Although the focus of routine follow-up visits between PD patients and neurologists is typically on motor symptoms of the disease, autonomic problems are frequently present and can be identified if patients are specifically asked. In one study of 48 men with PD, 89% had at least one autonomic symptom compared with 43% of elderly control subjects (2). Autonomic symptoms seen in these men with PD included erectile dysfunction (60%), urinary urgency (46%), constipation (44%), dysphagia (23%), and orthostatism (22%), and each of these symptoms was more common in PD patients than controls. Siddiqui et al. (3) performed a comprehensive symptom survey of autonomic symptoms in 44 patients with PD, comparing the frequency and severity of these symptoms with 24 aged-matched controls. Using a five point scale to rate symptom severity, the authors tabulated the severity of symptoms in each of five areas: GI, urinary, sexual dysfunction, cardiovascular, and thermoregulatory. They found that PD patients exhibited autonomic symptoms more frequently than controls. Significant differences were seen in the following areas: increased salivation (52% vs. 13%), dysphagia (30% vs. 8%), constipation (20% vs. 0%), and orthostatism (66% vs. 29%).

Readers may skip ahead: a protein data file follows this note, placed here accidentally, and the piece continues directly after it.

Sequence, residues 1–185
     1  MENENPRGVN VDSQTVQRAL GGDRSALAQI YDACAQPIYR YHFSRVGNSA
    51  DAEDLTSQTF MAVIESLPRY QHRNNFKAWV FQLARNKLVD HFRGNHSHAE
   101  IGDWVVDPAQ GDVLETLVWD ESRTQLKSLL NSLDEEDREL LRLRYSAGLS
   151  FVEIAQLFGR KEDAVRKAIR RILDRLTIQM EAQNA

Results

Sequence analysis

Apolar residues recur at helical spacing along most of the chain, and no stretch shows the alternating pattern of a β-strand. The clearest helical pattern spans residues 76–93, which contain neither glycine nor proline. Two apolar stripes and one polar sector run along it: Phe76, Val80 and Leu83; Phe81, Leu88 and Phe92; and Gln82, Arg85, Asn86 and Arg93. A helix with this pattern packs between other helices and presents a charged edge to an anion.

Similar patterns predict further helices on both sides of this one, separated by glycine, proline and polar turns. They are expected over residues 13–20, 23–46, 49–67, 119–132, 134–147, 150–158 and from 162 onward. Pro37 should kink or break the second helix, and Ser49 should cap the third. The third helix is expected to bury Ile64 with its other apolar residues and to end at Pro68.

Was this article helpful?
Did you ever think feeling angry and irritable could be a symptom of constipation? A horrible fullness and pressing sharp pains against the bladders can’t help but affect your mood. Sometimes you just want everyone to leave you alone and sleep to escape the pain. It is virtually impossible to be constipated and keep a sunny disposition. Follow the steps in this guide to alleviate constipation and lead a happier healthy life.